Wednesday, April 28, 2021

Echo Chambers, Old and New Media Influence and Symbiotic Business Models

Twitter has been widely credited with influencing the 2016 US presidential election.  Not because lot's of voters read tweets, but because lot's of journalists do.  Many of these journalists work for traditional media, which includes TV, radio, newspapers, newsletters, etc.  The sheer volume of controversial tweets generated ensured that journalists looked no further than Twitter for topics to cover.  This kept the spotlight on those who understood how both traditional and social media works, and were skilled at exploiting it.

Journalists and their editors understand that controversy and outrage are good for business. CBS's executive Les Moonves was quoted in 2016 as saying, "the Trump phenomenon may not be good for America, but it's damn good for CBS." And by now we all know that social media algorithms thrive on engagement, and there is no better tool for engagement than tweeting outrageous things.  The cacophony of controversy fueled both traditional media's and new medias' business models.  A win for all media - if not necessarily for democracy.

Thursday, April 22, 2021

The Vulnerable Targets of Social Engineering and Mind Manipulation

It is disturbing to learn that if social engineers identify you as older, prone to conspiracy theories, low-informed and/or less educated, working poor or black, they will target and bombard you with nonstop disinformation on social media at a level much higher than others.  Why?  To answer that question let's review the rules and strategies social engineers follow to bend the minds of the most vulnerable:
  1. Research has shown that less-informed and less-educated voters are more likely to believe falsehoods.
  2. Social engineers have found it is easy to mislead older people and those prone to conspiracy theories.  
  3. Those that already have a bent toward conspiracy theories are most inclined to spread unverified rumors.
  4. Social engineers understand that the most vulnerable to mind manipulation are the lower-middle class, working poor, elderly and blacks. These groups are driven by the insecurity of their place in society and in the economy. They’re easiest to influence by sharing stories that others are out to trick them and the world is out to get them. 

Wednesday, April 21, 2021

How Social Engineering Works on Our Brains

Social engineering has proven it is possible to know the societal or 'systematic' determinants of human 'behavior' in a way that permits them to be manipulated and controlled from afar.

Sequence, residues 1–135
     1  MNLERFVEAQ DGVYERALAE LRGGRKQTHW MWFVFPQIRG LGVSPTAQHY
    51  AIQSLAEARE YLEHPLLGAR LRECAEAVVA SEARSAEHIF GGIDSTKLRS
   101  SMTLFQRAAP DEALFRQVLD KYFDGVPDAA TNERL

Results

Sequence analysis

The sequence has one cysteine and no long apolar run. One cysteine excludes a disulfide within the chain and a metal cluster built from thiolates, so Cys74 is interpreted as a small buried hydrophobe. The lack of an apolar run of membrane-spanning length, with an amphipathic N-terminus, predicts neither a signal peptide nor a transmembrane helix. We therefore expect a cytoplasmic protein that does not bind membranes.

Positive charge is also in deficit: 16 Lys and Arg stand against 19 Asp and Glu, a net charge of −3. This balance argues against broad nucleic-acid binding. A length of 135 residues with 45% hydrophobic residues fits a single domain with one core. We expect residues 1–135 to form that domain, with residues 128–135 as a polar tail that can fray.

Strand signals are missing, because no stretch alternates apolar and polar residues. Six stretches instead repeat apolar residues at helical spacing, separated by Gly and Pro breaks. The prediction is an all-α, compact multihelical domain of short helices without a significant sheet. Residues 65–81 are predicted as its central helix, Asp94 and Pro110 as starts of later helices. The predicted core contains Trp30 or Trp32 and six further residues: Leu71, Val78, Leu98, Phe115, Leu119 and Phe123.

Our minds are vulnerable.  The weaknesses in our thinking and decision-making processes are well documented.  When these vulnerabilities and weaknesses are exposed to professionals with nefarious intent who are trained in social engineering techniques bad things happen.  Social media and messaging platforms both enable scaled access to and profit from these vulnerabilities.  They expose the brains of billions (Facebook has over 2.7 billion users) to these techniques by selling and promoting access to our innermost feelings and emotions. 

It is critical that we as humans, neighbors and communities understand how social engineering techniques work on our brains and our societies.  We must recognize these methodologies so we can defend against them.  We need to identify them and call them out.  We must warn others. We must legislate against these techniques and hold social media and messaging platforms accountable.

Social media apps and platforms are used by our children, the elderly and everyone in between.  These platforms give direct access to our brains.  They support mind manipulation at scale.  What follows is an extensive, although incomplete list of the strategies, tools and techniques of social engineering I have gleaned from literally hundreds or articles, academic papers and reports.  I have organized them into six categories: Amplify and Promote, Constraining, Emotions and Motivations, Mind Manipulation, Personal Information and Strategies and Tactics.

Monday, April 19, 2021

Disinformation is Both Expensive and Deadly

The Covid-19 pandemic ambushed businesses and global economies.  Since the pandemic took hold in the U.S. in March 2020, job loss has been one of the most significant consequences. The U.S. has recently reached a total of 60 million unemployment claims, while loss to the US GDP is estimated to be around $7.6 trillion.  

In addition, a recent survey conducted by the Federal Reserve Bank revealed that 9 million small firms in the US are at risk of closing for good in 2021 as a result of the pandemic.  The International Monetary Fund estimated the total cost to the global economy from Covid-19 will ultimately top $28 trillion in lost output (the time frame was years 2020-2025).  

Monday, April 12, 2021

Social Engineering Escapes the War Zone

The phrase social engineering splashed into the public's view as a result of actions from a cluster of companies whose services focused on influencing and manipulating people's thinking.  The history of these companies is complex, but seems to have all started with Strategic Communication Laboratories, which became SCL Ltd, then it became SCL Group, which then created a subsidiary called Behavioral Dynamics Institute (BDI) and another subsidiary infamously known as Cambridge Analytica, a company that was intimately involved in influencing US voters during the 2016 elections.  Cambridge Analytica stated at the time that their expertise was in "behavior change," "military influence campaigns," "psychographic segmentation" and other types of mind-manipulation.